Major Guitar Scale Shapes

Major Guitar Scale Shapes

Guitar Scales

This lesson is all about three of the most common major scale shapes on the guitar. The first shape starts with your middle finger, the second with your index finger, and the third with your pinky. We will learn all of these shapes starting on the 5th fret of our low E string. This is an A note, so we will be working with the A major scale. Remember to pay attention to the fingerings that we have supplied for you and be sure to use alternate picking all of the time.

Major Scale Shapes

Learn more guitar scales here!

Learn these shapes slowly. After you have memorized the shapes, I recommend that you use a metronome or a drum machine while practicing these scales. Start out slowly, maybe around 70 beats per minute, and work your way up slowly. Make sure that every note is clean and clear. Once you have perfected these scales at a certain tempo, increase the speed about 10 beats per minute at a time.

Here is the tab and a scale diagram for the first shape starting with your middle finger. The 5 to the left of the scale diagram indicates the 5th fret. The others numbers on the scale diagram indicate which finger you should use for that specific note. Your low E string is the one on the far left side of the diagram. (Learn how to read chord diagrams and guitar tabs here!)

Download the tab for the first major scale shape here.

Here is the tab and a scale diagram for the second shape that starts with your index finger. This particular shape is a bit easier to remember because you can think about it in string pairs. That means that if you look at the diagram, you will see that the 6th string has the same pattern as the 5th string, the 4th string has the same pattern as the 3rd string, and the 2nd string has the same pattern as the 1st string. Think about this scale shape as being only three string patterns instead of six individual string patterns. That might make memorizing this shape a bit easier for you.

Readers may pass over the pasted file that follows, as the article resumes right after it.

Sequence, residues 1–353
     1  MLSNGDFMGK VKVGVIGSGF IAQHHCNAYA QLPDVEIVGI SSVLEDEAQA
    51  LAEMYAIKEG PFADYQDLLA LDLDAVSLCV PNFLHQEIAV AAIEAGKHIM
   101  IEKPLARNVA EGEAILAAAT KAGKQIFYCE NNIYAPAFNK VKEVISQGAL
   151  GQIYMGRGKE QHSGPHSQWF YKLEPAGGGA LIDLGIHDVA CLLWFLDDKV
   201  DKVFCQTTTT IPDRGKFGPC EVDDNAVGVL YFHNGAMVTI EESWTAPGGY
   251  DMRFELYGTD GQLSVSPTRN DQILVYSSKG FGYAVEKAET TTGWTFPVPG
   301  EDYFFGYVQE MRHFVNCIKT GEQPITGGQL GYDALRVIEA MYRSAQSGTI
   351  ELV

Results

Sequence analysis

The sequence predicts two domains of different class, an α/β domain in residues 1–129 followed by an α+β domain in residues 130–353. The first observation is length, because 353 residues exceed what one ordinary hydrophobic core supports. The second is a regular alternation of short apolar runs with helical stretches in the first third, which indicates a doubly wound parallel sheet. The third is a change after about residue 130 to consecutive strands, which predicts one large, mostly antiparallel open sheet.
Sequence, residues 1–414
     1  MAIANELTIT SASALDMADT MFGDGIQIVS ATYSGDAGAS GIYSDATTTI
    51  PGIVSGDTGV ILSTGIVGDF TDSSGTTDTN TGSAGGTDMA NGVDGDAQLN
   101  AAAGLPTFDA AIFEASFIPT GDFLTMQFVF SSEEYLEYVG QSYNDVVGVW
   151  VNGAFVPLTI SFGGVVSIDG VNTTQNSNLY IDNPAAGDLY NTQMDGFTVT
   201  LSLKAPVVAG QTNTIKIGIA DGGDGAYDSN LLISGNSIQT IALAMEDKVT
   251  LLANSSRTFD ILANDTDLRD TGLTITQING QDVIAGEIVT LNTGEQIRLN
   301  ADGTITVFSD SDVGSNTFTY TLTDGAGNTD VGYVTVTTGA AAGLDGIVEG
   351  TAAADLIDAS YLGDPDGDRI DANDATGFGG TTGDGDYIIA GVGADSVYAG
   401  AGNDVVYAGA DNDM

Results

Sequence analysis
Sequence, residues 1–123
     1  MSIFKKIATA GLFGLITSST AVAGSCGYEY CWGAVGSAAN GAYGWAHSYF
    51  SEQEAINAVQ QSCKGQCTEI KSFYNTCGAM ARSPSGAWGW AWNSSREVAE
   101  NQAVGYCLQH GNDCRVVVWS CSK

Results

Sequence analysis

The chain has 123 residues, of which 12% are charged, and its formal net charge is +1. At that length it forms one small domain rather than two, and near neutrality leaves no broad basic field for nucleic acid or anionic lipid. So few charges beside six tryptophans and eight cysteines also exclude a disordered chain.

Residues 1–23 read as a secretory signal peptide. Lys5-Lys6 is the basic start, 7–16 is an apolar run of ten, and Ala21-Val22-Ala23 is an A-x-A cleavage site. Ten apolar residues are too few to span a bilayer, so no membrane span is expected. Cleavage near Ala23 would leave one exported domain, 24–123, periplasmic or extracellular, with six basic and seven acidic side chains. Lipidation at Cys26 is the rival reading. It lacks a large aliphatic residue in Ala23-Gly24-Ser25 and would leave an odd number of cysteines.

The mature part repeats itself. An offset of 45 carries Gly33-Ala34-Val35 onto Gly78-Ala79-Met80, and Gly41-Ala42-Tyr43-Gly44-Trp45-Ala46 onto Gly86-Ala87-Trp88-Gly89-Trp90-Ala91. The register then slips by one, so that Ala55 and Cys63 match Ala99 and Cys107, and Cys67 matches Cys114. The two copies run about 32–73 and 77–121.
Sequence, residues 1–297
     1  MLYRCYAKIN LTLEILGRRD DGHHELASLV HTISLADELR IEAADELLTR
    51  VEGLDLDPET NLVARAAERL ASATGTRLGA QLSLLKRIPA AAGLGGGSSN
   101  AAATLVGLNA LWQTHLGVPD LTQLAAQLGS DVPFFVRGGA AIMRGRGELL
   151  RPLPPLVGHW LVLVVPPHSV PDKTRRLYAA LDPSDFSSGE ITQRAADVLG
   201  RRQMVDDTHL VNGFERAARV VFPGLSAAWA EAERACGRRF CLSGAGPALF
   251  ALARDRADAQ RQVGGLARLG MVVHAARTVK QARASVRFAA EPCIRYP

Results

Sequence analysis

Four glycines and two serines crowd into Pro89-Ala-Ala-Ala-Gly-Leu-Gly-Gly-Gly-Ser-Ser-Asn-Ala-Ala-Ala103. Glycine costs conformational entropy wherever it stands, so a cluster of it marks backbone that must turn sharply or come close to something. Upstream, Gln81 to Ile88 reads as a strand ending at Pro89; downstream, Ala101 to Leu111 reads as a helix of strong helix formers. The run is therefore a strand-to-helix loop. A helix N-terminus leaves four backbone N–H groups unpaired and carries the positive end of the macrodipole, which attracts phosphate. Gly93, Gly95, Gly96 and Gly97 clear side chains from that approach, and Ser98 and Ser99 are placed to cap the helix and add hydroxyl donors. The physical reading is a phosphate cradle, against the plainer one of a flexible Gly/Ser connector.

Download the tab for the second major scale shape here.

Here is the tab and a scale diagram for the third shape starting with your pinky.

Download the tab for the third major scale shape here.

You should realize that these scales are movable. That means that you are not limited to just starting these scales on the 5th fret. You can move them anywhere. Whatever note you start on becomes the root of the scale. So, if I started these shapes on the 7th fret of the low E string instead of the 5th fret, they would all become B major scales. Move these major scale shapes around as much as you can and experiment in different keys.

It is important that you play the scale up and down. If you only practice these scales going up, you will really limit your musical ability and self expression. If you have access to a recorder or sequencer, you should record or program an A chord and practice your A major scale over an A major chord. Get these basic shapes under your fingers and start using them in your playing. There is no right or wrong right now, just improvise and have fun.